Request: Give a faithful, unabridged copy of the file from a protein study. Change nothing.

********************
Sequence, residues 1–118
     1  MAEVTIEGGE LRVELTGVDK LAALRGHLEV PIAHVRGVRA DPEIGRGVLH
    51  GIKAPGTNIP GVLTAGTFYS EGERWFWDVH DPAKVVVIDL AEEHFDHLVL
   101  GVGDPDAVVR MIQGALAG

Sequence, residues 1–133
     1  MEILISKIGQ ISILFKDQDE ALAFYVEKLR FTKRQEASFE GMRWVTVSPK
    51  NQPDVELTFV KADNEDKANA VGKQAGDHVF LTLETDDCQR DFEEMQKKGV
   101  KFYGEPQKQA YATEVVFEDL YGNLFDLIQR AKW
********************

Sequence, residues 1–118
     1  MAEVTIEGGE LRVELTGVDK LAALRGHLEV PIAHVRGVRA DPEIGRGVLH
    51  GIKAPGTNIP GVLTAGTFYS EGERWFWDVH DPAKVVVIDL AEEHFDHLVL
   101  GVGDPDAVVR MIQGALAG

Sequence, residues 1–133
     1  MEILISKIGQ ISILFKDQDE ALAFYVEKLR FTKRQEASFE GMRWVTVSPK
    51  NQPDVELTFV KADNEDKANA VGKQAGDHVF LTLETDDCQR DFEEMQKKGV
   101  KFYGEPQKQA YATEVVFEDL YGNLFDLIQR AKW